As the acid molar strength of the feed solution will be a determining and possible limiting factor on the separation of ions and efficiency of any chromatographic separation, batch studies of the effect of nitric acid strength (up to 4 M) on the uptake of ions by all adsorbents were initially investigated. Experiments were carried out in 250 ml Durran bottles with 100 ml of the required concentration of nitric acid; to this, a requisite amount of the cation stock solution was added to bring the cation concentration to 500 ppb. 1 g of the adsorbent was then added to the bottle, sealed and placed in the water bath and agitated at 25°C for 24 hours (24 hrs. taken to approximate equilibrium). Percentage uptake values were calculated and plotted against acid strength (Figures 2-4).


Figure 2: Percentage uptake of various cations in nitric acid on C100H.


Figure 3: Percentage uptake of various cations in nitric acid on S910.


Figure 4: Percentage uptake of various cations in nitric acid on D5530.

Selectivity co-efficient at the same acid concentration were calculated by Equation 1:

image          (1)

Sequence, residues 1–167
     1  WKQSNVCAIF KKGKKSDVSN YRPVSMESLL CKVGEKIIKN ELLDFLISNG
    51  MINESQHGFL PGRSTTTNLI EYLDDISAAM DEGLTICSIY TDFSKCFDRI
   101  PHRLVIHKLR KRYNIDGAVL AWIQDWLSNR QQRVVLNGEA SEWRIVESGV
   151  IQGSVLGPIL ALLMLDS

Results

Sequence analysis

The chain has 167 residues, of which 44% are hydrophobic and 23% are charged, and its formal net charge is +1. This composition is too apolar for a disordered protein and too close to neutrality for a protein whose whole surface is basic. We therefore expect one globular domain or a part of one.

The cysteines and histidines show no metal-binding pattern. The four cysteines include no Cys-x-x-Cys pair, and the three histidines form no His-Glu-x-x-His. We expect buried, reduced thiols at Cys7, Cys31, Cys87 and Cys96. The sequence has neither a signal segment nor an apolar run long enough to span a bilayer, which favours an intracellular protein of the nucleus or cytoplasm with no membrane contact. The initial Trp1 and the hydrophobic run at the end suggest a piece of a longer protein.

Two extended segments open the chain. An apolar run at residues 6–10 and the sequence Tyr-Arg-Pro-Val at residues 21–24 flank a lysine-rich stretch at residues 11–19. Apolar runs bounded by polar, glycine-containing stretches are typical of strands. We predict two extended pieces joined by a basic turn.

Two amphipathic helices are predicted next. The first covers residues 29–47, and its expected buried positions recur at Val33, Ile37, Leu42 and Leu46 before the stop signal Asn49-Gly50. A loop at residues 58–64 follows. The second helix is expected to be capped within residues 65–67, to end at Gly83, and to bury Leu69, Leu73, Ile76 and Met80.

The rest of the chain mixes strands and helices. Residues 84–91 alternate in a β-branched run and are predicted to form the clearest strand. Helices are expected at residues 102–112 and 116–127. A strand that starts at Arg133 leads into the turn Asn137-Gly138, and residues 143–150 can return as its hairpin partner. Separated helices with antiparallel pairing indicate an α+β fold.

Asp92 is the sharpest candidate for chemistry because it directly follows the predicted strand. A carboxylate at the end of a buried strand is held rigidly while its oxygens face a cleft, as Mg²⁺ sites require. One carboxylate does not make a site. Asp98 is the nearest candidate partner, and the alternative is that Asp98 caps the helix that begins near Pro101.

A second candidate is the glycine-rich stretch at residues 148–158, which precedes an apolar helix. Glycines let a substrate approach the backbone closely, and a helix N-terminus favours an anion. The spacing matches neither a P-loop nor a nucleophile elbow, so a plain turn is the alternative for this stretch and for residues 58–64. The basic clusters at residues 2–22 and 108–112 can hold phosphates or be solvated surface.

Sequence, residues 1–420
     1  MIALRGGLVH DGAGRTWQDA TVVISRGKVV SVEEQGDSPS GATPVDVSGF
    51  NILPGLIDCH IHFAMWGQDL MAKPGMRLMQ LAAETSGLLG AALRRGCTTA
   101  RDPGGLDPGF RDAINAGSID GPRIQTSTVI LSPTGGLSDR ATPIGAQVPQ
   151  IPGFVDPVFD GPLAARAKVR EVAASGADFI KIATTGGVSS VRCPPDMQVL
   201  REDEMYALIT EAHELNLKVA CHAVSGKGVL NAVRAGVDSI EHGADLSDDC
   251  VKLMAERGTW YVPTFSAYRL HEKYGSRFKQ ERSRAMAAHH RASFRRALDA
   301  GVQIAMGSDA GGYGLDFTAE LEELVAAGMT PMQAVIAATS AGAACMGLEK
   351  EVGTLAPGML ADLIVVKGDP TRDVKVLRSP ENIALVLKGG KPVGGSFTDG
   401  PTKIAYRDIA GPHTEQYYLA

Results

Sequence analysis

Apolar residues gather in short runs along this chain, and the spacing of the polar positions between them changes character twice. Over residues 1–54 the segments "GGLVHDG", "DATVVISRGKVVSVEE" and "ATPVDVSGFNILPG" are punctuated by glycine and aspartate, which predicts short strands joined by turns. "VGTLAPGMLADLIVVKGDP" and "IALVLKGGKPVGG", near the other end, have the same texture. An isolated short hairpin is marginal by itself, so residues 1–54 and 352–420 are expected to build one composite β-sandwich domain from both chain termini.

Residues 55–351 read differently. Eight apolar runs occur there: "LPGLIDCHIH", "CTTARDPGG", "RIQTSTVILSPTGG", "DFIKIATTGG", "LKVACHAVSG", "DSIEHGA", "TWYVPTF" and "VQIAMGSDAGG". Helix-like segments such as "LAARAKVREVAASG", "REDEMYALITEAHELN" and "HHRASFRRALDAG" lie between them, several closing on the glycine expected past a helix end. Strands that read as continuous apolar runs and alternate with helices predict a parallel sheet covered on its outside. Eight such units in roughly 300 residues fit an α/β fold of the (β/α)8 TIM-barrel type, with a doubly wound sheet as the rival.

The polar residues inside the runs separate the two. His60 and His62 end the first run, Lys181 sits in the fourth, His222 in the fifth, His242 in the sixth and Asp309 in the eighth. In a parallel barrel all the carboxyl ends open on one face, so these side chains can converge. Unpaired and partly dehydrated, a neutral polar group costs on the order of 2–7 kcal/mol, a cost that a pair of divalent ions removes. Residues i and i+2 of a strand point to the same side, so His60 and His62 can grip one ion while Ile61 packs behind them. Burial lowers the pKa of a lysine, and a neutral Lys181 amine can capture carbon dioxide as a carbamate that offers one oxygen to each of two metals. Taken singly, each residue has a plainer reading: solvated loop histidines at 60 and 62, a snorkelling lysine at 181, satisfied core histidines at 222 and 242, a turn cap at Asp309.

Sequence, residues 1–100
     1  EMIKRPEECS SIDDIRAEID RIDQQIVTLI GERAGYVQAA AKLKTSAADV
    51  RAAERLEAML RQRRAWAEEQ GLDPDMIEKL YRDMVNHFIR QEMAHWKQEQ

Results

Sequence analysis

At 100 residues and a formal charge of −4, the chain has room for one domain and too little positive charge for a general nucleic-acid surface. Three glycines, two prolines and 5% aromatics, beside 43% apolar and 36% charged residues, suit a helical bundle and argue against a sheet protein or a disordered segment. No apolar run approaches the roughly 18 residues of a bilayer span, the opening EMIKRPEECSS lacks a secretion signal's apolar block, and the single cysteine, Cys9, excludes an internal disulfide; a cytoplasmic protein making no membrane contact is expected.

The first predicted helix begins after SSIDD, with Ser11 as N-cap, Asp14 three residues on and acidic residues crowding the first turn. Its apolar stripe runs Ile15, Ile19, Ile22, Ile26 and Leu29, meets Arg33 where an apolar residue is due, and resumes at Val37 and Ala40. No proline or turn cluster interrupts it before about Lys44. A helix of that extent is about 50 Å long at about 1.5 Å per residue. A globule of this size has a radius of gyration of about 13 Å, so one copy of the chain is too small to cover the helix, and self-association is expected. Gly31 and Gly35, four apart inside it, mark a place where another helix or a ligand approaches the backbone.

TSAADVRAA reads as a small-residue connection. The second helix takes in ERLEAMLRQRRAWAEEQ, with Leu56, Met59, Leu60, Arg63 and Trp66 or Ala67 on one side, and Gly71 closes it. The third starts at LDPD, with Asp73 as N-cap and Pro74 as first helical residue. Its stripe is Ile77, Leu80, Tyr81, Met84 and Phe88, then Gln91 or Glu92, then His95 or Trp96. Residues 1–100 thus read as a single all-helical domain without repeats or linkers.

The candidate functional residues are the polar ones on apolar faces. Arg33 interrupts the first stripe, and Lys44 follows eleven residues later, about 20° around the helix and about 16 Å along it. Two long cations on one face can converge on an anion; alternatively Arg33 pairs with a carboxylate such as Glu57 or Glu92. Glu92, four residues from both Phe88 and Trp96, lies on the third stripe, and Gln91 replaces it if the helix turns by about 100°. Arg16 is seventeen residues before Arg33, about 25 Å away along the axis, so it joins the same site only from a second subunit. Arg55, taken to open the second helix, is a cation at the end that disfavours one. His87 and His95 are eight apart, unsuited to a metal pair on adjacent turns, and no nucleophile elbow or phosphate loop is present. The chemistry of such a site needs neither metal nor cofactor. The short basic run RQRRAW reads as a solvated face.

The amount of each ion adsorbed per g of resin was calculated by Equation 2:

image          (2)

Where Co is the initial ion concentration (mgl-1), V the volume of nitric acid solution (l), m the weight of resin (g) and Ce the concentration at the end of the experiment taken as equilibrium (mgl-1).

Distribution coefficients were calculated from Equation 3:

image          (3)

Rate of cation uptake

Small samples were periodically withdrawn from the 3,000 ppm Zr/2 M nitric acid solution (100 ml) equilibrating at the appropriate temperature and subsequently analysed. It was considered that the Zr ions had reached equilibrium with exchange materials after 24 hours (Ce). Rates of Zr ion uptake as a function of time were calculated either as a percentage of Ce or Zr mass uptake (mg/g).

Results and Discussion

Capacity and selectivity

Selectivity and distribution coefficients were determined for six ions on three adsorbents with four ions being tested with the S910. Only one sulphonic acid resin graph is displayed as the similarity between the sulfonic C100H and C100x10 MBH resins, is differentiated only by the amount of divinyl benzene cross-linking agent within the resin structure (Figure 2). It is appreciated however that the degree of cross-linking does affect both capacity and selectivity of sulphonic acid ion exchange resins but in this study the affect and implications were marginal [14].

Uptake was observed for most of the cations over quite a large nitric acid molar range for the sulfonic resins, with the exception of cesium, the adsorption of which falls off quickly as the acidity is raised above 1.0 M.